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• excellent oral and written communication skills Members of Council, municipal staff or candidates running for office in the 2018 municipal election are not eligible to be appointed to a Committee. Should an appointed member accept employment with any of the participating municipality or register as a candidate with the participating municipalities, their appointment will be terminated. All Committee members must agree in writing that they will not volunteer or work for or provide professional services or advice to any candidate running for municipal office within the relevant municipality. The term of the Committee is concurrent with the term of Council (December 1, 2018 to November 15, 2022). Municipal Election Candidates have until March 29, 2019 to file their Financial Statements for the reporting period ending December 31, 2018. Any requests for a Compliance Audit will occur after that date. A by-election could result in the need for the Compliance Audit Committee to sit during the term of Council.

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An application and Terms of Reference are available from participating municipalities’ websites and Clerk’s Departments. Last date for submission of applications:

Friday, June 22, 2018, 4:30 p.m.

If you require further information, please contact your municipal Clerk. Town of Grand Valley Town of Mono Town of Orangeville Town of Shelburne Township of Amaranth Township of East Garafraxa Township of Melancthon Township of Mulmur

(519) 928-5652 (519) 941-3599, x226 (519) 941-0440, x2242 (519) 925-2600, x223 (519) 941-1007 (519) 928-5298 (519) 925-5525 (705) 466-3341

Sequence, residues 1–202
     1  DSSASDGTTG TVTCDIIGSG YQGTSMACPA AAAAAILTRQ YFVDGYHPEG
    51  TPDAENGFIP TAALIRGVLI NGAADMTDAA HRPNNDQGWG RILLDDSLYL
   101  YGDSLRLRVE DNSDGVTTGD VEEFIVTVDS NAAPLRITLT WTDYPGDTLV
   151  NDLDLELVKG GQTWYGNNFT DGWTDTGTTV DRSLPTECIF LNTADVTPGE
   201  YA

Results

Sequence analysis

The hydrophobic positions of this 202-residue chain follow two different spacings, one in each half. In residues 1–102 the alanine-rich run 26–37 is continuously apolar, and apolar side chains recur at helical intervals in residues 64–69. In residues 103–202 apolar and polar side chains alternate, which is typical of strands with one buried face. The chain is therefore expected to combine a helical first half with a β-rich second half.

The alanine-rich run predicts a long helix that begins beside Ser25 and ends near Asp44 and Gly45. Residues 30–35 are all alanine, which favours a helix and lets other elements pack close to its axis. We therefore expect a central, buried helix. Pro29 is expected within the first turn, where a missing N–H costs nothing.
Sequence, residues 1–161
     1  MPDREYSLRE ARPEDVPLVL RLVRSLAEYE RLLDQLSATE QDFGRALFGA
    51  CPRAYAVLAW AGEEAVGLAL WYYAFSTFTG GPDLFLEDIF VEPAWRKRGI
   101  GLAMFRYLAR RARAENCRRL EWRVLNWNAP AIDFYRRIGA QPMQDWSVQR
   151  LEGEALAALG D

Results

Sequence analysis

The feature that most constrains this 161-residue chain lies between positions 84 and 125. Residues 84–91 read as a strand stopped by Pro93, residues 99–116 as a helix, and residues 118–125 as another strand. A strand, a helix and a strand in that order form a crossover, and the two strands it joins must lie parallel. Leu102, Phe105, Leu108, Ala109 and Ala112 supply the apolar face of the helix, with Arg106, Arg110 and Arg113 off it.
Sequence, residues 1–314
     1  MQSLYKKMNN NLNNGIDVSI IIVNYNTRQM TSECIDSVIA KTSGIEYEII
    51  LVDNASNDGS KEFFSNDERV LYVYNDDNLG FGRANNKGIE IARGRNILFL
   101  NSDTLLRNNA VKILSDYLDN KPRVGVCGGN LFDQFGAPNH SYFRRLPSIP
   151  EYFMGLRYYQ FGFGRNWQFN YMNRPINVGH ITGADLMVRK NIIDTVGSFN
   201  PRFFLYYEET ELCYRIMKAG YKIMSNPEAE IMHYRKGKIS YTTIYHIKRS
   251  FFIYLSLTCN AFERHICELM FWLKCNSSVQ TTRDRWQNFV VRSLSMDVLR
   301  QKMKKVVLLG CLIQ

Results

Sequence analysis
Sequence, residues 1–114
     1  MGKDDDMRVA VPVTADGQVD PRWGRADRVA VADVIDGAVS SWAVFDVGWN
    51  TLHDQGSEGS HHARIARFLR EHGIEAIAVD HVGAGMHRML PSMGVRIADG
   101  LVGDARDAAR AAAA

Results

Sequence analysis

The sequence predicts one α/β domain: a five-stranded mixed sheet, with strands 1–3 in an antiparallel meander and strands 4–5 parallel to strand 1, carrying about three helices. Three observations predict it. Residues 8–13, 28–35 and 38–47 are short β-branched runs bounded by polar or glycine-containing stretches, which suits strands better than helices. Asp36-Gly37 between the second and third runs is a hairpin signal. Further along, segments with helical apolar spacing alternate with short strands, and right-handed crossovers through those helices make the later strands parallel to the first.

Fun& Games Sudoku Barbara Simpson 7 1 4 3 5 9 5 8







9 3 7

7 2

Rusty, when we began dating do you recall what your dad called me?


Weekend Weather

Spike & Rusty Word Scramble


7 2

The Creemore Echo • Friday, May 18, 2018 •

Yes, Spike, I do, it was LWHITFA and you were not!

Friday, May 18 Mainly sunny High 19 Low 9 Wind E 23 km/h POP 10%

Saturday, May 19 Light rain High 15 Low 12 Wind SE 17 km/h POP 80%

9 6

Sunday, May 20

3 2 4

A mix of sun and clouds High 19 Low 7 Wind NW 14 km/h POP 30% by Ken Thornton

Answer on page 23

Find this week’s answer on page 23

FRED’s Funnies

3 5 8 7 2 4 6 1 9 2 9 7 8 6 1 5 4 3 6 1 4 9 3 5 2 8 7 4 8 6 1 9 3 7 5 2 7 3 5 2 4 8 9 6 1 1 2 9 6 5 7 8 3 Cross 4 Canadian Criss 9 7 1 4 8 6 3 2 5 61. Instrument like a harp 51. AACROSS 6 2 3 1 9 4 7 8 bit cuckoo 62. You, in the Bible 85. Bevelled 4 3edge5 7 2 1 9 DOWN 6 9. Win back one’s losses

11. African desert 13. Lengthy scolding 14. Children, collectively 16. Feeling lousy 17. Kind of TV 19. Caustic cleanser 20. A drawbridge might go over it 22. Distinctive flair 23. Internet diary 24. Having little or no vegetation 26. Soak a piece of bread with gravy 28. Telephone sound 29. Inanimate 30. Conjecture 32. Not very spicy 35. Honk the horn 36. One in command of a ship 39. Daffy Duck has one 42. Type of music 43. Sound an audience might make 44. Become infected and fill with pus 46. Altar site 47. Hooded robe 49. A leveret is a young one 50. Go unused 51. It’s symbol is Re 54. Hair worn in a knot 55. Meaning what one says 57. Dreamer’s opposite 59. Wreak havoc on 60. Provide storage for forage